compounds (unfilled and 15 phr CB, respectively), the observed

Fig. 6. Optical microscopic images for SBR compounds after scratching by the needle with 15.0 cone angle (magnification 10). (a) Non-loaded CB; (b) 30 phr
CB; (c) 45 phr CB; (d) 60 phr CB.

K. Maeda et al. / Wear 263 (2007) 10161022

surface damage (Fig. 6c and d) is not comparable to that of


the NR compounds. For the SBR compounds with even lower
mechanical strength, i.e. containing less than 45 phr CB, no roll
debris formation was observed (Fig. 6a and b). This observation
suggests that the strength of the materials may not be the only
factor affecting the roll debris formation.
The observed increase in the surface free energy of the rubber
compounds with increasing uniaxial strain provides some useful insights. The roll debris formation was more prominent for
the NR compounds for which the apparent surface free energy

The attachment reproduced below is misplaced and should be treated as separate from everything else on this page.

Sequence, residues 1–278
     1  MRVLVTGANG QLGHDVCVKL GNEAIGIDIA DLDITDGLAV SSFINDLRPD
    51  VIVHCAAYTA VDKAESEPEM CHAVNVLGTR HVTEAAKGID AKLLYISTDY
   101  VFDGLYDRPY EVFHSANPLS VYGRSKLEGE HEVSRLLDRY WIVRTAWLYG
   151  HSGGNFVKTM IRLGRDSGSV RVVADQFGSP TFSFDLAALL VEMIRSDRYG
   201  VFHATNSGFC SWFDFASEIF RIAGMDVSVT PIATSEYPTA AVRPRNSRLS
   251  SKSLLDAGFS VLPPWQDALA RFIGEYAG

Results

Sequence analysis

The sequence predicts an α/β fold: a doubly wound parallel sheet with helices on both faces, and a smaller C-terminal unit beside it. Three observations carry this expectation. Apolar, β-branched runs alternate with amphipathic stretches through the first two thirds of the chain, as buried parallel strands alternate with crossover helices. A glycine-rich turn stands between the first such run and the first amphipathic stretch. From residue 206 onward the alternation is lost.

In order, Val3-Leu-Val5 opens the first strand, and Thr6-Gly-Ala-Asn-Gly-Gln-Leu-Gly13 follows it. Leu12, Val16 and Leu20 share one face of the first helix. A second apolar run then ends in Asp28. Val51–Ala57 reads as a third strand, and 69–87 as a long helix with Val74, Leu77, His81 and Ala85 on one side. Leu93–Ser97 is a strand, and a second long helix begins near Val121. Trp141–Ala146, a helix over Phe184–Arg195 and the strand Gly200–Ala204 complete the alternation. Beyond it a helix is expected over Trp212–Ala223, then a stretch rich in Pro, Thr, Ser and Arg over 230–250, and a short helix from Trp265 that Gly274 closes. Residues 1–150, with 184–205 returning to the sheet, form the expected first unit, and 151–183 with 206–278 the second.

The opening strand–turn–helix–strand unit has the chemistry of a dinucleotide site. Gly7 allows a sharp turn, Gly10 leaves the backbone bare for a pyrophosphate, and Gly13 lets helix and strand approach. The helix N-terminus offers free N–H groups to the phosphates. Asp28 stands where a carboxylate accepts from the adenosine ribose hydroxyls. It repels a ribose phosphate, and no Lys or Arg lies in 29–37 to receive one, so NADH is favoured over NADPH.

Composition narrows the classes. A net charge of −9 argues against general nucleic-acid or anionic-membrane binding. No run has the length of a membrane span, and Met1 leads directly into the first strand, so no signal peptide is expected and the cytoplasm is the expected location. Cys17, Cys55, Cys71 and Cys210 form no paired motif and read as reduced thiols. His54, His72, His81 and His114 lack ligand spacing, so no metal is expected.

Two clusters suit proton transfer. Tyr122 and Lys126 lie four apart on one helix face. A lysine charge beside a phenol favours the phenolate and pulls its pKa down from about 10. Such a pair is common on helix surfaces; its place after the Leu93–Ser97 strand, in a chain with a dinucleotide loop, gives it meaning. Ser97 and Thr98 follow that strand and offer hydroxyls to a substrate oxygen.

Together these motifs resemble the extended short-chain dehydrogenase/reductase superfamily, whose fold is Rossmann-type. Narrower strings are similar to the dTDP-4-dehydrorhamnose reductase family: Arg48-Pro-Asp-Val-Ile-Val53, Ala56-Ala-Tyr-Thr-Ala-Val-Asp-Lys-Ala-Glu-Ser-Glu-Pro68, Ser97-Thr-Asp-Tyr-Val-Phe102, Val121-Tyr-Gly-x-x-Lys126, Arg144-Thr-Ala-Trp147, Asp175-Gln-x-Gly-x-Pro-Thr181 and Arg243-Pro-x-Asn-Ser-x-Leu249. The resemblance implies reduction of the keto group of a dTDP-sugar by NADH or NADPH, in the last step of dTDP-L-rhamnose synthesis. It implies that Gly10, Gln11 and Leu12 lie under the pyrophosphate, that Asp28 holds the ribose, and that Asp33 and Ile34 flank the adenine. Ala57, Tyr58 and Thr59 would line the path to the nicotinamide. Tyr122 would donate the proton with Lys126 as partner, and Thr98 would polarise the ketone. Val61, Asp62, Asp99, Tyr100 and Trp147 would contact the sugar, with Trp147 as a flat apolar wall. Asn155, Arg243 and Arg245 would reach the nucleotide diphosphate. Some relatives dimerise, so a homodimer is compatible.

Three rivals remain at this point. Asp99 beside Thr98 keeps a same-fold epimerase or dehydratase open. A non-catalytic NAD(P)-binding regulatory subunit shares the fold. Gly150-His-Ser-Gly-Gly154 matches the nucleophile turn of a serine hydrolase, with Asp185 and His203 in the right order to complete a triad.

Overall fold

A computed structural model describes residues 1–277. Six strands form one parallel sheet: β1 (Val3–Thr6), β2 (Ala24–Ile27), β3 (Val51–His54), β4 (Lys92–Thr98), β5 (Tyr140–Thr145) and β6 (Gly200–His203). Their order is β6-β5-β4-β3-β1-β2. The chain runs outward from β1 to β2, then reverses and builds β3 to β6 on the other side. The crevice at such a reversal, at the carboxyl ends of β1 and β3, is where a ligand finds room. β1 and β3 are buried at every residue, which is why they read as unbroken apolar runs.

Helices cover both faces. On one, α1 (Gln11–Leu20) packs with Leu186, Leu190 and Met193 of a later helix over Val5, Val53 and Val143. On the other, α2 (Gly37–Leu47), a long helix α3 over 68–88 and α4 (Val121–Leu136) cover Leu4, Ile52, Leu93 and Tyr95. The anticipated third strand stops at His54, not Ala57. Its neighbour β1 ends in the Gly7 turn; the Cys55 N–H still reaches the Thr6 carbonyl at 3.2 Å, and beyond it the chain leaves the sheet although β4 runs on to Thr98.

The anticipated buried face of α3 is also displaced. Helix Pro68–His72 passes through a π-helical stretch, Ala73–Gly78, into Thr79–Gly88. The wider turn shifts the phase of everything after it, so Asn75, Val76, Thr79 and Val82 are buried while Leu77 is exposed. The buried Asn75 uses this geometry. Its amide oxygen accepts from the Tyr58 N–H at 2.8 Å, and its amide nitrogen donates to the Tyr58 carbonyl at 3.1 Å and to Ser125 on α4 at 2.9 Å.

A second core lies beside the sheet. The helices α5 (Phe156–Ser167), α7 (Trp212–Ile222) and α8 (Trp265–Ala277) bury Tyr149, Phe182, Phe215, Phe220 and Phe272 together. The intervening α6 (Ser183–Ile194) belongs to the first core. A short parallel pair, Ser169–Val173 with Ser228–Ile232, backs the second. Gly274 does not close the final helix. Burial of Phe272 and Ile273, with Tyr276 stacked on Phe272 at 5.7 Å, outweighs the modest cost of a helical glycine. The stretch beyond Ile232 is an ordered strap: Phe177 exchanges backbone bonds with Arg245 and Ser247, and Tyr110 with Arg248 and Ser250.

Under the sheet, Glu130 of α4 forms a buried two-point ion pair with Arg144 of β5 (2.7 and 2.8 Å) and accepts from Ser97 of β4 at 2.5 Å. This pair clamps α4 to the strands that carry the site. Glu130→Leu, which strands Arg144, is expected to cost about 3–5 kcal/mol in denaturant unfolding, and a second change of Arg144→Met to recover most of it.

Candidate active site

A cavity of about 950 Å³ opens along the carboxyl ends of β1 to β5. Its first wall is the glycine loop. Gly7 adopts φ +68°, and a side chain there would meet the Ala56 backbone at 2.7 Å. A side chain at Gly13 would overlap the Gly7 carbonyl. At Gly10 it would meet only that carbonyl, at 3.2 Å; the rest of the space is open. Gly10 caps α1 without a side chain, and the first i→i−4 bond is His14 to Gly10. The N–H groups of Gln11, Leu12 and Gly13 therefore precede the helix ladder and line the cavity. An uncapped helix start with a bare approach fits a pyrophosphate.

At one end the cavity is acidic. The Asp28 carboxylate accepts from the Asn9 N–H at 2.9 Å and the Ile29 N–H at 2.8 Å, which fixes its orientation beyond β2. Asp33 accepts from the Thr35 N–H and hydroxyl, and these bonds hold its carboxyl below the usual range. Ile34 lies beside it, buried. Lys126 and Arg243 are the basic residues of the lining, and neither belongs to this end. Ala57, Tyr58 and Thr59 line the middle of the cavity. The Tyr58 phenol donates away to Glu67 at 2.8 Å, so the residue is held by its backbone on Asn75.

increased more drastically when stretched to 700% in comparison with the SBR compounds. This finding suggests that a
correlation between the change of the surface free energy at
high strain and the adhesive friction term, which affects the roll
debris formation, exists. The contribution of the surface free
energy to the total rubber friction, however, is generally rather
small, as can be seen by the fact that the surface free energies
of the NR and SBR samples at low applied strains are rather
similar. For example, the surface free energy of the NR containing 15 phr CB is 23.0 1.1 mJ/m2 and that of the SBR with
45 phr CB is 22.2 1.5 mJ/m2 at an applied strain of 100%. Furthermore, the quasi-static mechanical properties are also very
similar [20]. However, at an applied strain of 700% the apparent
surface free energy of the NR containing 15 phr CB increases
to 31.8 3.4 mJ/m2 whereas of the SBR containing 60 phr CB
remains almost constant at 25.7 1.7 mJ/m2 .
Our result suggests that the roll debris formation results
from the strong adhesive interaction between the elastomer
surface and the counterface, which will be affected by the
large surface/bulk deformation arising during scratching. This
suggestion is supported by the observed increase in the surface free energy of the rubbers upon experiencing an applied